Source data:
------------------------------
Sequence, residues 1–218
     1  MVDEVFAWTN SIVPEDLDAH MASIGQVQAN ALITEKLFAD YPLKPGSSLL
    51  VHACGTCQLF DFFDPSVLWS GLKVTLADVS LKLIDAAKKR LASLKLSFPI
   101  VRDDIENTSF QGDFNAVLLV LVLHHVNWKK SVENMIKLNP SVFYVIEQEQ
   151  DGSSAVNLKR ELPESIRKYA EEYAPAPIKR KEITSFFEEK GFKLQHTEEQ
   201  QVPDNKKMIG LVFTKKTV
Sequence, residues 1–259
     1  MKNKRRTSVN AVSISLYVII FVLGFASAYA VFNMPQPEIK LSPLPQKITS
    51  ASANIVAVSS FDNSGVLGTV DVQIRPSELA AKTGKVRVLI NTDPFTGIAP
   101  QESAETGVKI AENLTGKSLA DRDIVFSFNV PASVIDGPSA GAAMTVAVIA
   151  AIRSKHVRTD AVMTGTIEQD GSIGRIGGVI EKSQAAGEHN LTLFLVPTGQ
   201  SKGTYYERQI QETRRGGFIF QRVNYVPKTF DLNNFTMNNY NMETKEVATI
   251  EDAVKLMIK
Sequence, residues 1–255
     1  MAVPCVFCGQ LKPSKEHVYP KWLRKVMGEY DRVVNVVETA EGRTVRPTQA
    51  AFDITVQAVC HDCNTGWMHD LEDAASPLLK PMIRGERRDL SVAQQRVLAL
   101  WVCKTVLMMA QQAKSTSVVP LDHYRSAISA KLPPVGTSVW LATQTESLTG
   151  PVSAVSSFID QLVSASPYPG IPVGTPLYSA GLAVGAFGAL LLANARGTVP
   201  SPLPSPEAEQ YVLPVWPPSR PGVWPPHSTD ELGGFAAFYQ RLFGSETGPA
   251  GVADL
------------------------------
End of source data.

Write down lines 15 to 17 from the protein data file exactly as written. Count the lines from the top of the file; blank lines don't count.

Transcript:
     1  MAVPCVFCGQ LKPSKEHVYP KWLRKVMGEY DRVVNVVETA EGRTVRPTQA
    51  AFDITVQAVC HDCNTGWMHD LEDAASPLLK PMIRGERRDL SVAQQRVLAL
   101  WVCKTVLMMA QQAKSTSVVP LDHYRSAISA KLPPVGTSVW LATQTESLTG